26 Feb 2013

Practical considerations for international partnerships

Having a large number of partnerships around the world will not necessarily guarantee that your higher education institution raises its international profile and reputation, but it can play an important role in achieving these objectives. International partnerships provide opportunities to attract a more diverse student body, and to promote greater mobility of staff and students. These partnerships also have the potential to make an impact on curriculum development, collaborative teaching programmes and research networks.

Partnerships provide multiple benefits

Partnerships can make a significant contribution to institutional internationalisation objectives, but only if those objectives are articulated and understood within the institution and shared with the partners. At an institutional level, partnerships provide opportunities for learning from each other, sharing knowledge and experience and benchmarking, but many institutions simply see partnerships in a more narrow and constrained way, in terms of the benefits they provide to those students/staff who engage in the mobility programmes.

Partnerships are for the long term

Setting up partnerships and negotiating agreements can be very time-consuming. For this reason, unless you see the relationship in terms of your institution’s medium- to long-term interests, it is probably best not to enter into it in the first place. Partners need time to get to know each other. Even if you have researched and perhaps visited your partner, there will be gaps in your knowledge about each other, and maybe some surprises! Partnerships will also evolve over time. There will be internal changes, such as leadership, staffing, funding arrangements, institutional strategy and perhaps external changes too, such as government policy.

Partnerships need a clear focus from the beginning

Almost everyone will have files of agreements that were signed in the past and which have never been activated. If they are to be successful, partnerships need to envisage some kind of activity at the very beginning of the relationship, no matter how small. Agreements that are really little more than expressions of good intentions rarely lead to anything.

Some partnerships may focus on a single ‘start-up’ activity, such as student exchange, but aim to become multi-dimensional in the longer term. It is, however, important to be realistic about what can be done to support a partnership, and about the level of resources that can be committed to making a partnership successful, not just at the beginning of the relationship, but also in steady state.

Institutions have very different approaches to the management of partnerships. Some institutions insist on all agreements receiving high-level, central approval. Other institutions may devolve the power to set up agreements to faculties, departments or even individuals. In all cases it is important to know who are the institution’s authorised signatories, and to provide clear guidance about approval processes, together with standard agreement templates, in order to safeguard the institution from unnecessary risk.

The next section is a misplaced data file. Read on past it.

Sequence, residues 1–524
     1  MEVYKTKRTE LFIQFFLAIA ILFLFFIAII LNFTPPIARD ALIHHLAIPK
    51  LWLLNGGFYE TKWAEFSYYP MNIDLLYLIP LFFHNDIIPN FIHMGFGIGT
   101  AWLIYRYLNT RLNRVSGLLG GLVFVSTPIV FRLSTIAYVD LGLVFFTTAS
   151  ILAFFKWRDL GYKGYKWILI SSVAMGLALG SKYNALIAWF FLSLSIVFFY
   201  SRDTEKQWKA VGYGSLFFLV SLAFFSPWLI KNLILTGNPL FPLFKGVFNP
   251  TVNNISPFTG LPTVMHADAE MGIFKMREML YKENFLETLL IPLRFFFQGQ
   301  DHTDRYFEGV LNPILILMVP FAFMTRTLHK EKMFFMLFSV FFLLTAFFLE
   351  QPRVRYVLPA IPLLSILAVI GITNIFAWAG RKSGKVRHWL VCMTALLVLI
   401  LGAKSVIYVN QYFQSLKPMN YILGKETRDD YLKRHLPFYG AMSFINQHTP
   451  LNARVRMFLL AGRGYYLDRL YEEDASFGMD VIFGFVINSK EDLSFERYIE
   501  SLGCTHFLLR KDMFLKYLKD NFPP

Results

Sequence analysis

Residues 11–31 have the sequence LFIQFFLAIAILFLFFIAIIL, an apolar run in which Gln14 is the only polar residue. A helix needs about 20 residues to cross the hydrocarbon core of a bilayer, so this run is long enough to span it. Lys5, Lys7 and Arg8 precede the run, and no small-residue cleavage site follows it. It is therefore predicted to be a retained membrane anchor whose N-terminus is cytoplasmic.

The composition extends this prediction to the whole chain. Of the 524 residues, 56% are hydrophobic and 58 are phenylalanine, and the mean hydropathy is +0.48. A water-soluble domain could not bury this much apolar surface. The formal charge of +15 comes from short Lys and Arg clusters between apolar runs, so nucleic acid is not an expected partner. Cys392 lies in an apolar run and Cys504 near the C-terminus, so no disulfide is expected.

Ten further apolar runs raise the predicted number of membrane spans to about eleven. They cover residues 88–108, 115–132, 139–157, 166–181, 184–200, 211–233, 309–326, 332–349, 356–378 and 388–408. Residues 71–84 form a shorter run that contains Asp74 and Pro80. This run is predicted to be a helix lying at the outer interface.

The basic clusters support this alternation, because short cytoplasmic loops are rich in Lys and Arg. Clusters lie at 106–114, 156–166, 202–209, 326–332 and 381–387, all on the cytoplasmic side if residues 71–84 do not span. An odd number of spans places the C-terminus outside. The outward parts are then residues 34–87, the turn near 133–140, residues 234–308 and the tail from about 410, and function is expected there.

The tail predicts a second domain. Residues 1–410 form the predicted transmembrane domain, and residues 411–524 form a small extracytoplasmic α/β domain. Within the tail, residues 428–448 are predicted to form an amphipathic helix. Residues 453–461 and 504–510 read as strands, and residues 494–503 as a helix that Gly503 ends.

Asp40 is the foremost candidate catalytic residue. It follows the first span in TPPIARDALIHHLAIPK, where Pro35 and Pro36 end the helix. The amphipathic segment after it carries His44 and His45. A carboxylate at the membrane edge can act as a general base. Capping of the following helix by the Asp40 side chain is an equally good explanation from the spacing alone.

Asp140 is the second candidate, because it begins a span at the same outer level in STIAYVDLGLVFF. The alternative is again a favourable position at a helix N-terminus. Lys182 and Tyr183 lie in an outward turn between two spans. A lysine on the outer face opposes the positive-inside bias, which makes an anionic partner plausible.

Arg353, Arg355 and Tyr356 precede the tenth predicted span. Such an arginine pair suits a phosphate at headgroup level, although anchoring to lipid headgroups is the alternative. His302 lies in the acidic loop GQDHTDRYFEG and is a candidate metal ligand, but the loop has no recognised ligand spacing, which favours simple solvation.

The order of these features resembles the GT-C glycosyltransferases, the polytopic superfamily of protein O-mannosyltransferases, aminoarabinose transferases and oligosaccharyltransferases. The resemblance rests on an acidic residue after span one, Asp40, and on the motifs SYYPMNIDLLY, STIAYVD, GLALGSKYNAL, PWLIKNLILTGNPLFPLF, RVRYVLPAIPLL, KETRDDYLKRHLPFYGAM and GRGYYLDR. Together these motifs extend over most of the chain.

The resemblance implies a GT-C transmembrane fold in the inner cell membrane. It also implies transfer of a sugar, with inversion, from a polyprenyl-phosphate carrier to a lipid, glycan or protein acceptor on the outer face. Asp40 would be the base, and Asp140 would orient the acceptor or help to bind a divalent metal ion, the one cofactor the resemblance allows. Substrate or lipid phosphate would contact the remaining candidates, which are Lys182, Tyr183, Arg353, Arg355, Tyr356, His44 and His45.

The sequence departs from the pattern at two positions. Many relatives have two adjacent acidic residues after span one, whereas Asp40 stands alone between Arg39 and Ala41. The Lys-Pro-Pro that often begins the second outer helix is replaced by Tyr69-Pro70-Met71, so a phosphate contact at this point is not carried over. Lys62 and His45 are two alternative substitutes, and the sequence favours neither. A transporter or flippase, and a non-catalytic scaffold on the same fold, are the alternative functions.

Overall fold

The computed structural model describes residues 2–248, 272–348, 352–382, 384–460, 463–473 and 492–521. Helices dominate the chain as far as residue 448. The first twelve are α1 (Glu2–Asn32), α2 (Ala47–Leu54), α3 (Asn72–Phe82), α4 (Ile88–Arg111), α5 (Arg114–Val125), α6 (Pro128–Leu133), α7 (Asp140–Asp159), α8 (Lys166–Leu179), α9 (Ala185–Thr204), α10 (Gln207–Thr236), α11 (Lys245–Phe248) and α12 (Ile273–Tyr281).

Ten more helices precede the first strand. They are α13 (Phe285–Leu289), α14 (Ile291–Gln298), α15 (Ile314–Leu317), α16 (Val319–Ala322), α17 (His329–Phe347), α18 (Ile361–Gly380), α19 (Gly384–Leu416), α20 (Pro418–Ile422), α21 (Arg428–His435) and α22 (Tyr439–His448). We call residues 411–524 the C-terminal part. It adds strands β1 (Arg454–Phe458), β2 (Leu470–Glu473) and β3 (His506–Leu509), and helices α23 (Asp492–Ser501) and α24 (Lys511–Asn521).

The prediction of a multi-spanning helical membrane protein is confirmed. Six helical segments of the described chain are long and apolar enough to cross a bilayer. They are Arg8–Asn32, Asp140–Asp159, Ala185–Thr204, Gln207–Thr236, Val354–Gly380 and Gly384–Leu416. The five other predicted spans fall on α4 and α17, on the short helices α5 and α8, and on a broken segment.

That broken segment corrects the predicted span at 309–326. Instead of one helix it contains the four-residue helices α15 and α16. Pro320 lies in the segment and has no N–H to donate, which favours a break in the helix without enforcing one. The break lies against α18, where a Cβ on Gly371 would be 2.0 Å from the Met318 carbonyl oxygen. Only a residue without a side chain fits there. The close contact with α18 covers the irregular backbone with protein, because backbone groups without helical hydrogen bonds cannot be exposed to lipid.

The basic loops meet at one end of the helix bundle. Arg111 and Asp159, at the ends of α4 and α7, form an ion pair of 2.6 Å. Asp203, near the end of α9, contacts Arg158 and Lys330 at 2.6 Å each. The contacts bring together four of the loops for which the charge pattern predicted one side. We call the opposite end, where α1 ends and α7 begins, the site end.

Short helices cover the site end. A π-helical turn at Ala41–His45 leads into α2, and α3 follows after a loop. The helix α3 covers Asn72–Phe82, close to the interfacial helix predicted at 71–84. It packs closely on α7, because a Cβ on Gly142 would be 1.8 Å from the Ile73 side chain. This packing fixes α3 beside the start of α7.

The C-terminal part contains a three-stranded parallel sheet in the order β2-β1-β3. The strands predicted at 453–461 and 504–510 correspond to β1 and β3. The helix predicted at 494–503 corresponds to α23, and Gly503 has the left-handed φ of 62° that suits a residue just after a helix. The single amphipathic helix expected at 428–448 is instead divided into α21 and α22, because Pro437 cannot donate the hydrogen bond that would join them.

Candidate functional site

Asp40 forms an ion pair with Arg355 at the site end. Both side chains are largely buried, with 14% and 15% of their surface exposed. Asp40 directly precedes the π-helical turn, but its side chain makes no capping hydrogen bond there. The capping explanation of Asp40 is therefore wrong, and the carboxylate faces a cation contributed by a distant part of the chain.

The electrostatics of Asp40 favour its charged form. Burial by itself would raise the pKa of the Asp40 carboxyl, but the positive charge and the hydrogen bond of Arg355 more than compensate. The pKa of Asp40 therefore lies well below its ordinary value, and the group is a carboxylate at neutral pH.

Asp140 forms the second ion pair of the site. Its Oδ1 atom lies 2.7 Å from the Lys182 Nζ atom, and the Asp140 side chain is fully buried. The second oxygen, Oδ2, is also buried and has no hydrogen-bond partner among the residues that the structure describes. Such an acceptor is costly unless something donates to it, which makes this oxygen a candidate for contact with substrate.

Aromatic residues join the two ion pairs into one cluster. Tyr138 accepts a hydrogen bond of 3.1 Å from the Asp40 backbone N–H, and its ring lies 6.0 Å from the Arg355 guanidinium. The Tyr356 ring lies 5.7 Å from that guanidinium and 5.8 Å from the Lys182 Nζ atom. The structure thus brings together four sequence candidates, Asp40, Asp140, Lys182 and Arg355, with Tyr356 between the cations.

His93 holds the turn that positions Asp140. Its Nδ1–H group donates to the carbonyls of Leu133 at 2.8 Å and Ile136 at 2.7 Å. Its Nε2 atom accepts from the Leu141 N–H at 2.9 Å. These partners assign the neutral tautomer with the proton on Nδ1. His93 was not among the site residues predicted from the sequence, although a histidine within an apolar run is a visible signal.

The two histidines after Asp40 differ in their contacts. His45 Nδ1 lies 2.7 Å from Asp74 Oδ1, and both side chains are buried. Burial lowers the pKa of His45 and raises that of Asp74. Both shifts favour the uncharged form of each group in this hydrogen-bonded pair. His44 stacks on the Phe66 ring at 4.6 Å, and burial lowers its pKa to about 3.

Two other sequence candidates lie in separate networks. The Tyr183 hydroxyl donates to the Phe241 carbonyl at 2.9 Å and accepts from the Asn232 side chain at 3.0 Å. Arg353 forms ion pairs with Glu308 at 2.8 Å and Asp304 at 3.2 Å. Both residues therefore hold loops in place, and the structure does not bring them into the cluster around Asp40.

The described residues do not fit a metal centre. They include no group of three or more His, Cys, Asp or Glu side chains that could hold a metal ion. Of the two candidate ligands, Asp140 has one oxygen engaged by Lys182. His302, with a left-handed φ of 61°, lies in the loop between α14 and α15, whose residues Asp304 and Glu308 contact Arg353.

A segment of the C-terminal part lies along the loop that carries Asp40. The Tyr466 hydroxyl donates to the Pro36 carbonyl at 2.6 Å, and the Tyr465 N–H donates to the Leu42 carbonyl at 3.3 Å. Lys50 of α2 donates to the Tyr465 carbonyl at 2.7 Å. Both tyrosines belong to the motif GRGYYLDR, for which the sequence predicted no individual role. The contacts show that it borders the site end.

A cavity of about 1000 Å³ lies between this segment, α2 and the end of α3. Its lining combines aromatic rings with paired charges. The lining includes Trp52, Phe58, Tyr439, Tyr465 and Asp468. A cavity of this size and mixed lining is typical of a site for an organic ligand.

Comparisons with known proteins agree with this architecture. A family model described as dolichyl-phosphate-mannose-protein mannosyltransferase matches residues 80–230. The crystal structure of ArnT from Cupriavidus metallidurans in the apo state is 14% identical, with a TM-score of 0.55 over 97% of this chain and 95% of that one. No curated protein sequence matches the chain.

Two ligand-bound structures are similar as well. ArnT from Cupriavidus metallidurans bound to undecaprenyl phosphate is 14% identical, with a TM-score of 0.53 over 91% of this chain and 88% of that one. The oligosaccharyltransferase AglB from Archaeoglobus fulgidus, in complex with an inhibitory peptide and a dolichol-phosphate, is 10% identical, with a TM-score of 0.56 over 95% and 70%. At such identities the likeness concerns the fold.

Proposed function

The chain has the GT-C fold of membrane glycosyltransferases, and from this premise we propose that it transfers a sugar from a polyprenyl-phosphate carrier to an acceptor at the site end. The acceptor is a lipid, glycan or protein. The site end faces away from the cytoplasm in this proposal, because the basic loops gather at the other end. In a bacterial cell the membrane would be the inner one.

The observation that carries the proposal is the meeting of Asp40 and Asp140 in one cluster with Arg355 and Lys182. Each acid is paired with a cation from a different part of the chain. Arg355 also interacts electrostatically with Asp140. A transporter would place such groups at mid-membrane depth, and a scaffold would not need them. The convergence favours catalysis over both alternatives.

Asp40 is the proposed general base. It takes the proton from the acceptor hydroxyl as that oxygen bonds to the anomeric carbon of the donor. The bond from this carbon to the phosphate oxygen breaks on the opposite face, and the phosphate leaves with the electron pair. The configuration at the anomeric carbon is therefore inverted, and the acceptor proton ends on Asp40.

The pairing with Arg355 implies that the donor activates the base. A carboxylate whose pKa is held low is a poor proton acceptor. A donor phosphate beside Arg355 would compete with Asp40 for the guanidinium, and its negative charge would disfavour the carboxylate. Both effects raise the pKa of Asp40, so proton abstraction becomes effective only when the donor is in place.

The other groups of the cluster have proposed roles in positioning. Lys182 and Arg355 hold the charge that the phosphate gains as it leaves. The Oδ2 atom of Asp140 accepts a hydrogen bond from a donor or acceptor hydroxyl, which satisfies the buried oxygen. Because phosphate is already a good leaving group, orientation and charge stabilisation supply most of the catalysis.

Partnerships work best with partners who are ‘like us’

Identifying the right partners is a critical success factor. All institutions receive approaches from prospective partners, and while this may lead to a positive and mutually beneficial relationship, it is also important to be proactive, and identify your own preferred partners. Your criteria will depend on your objectives and priorities, such as the nature of the envisaged partnership’s activities, geographical location etc. Some institutions place a particular emphasis on partners of similar status and consider rankings to be an important factor in partner selection. Some, especially publicly-funded, institutions may have concerns about working with institutions in the private sector or commercial organisations. However, depending on the objectives of the partnership, and the country concerned, these may be the most appropriate partners.

Whatever your criteria, it is important to research your prospective partners and to take some time to understand what each partner wants from the partnership. It is also important to ensure that you present your own institution effectively to prospective partners. However much your prospective partner may look ‘like us’, there will inevitably be differences of culture, approach and expectations.

In conclusion, establishing partnership agreements provides an opportunity to define the relationship, manage expectations and clarify any misperceptions. All time spent at this stage is a good investment for the future relationship. Trust is important, but is never a substitute for good practice and a professional approach.

By Suzanne Alexander, Director, International Office, University of Leicester, UK

If you’re interested in learning the best ways of developing and maintaining strategic partnerships, there is an upcoming EAIE Academy course dedicated to this very topic.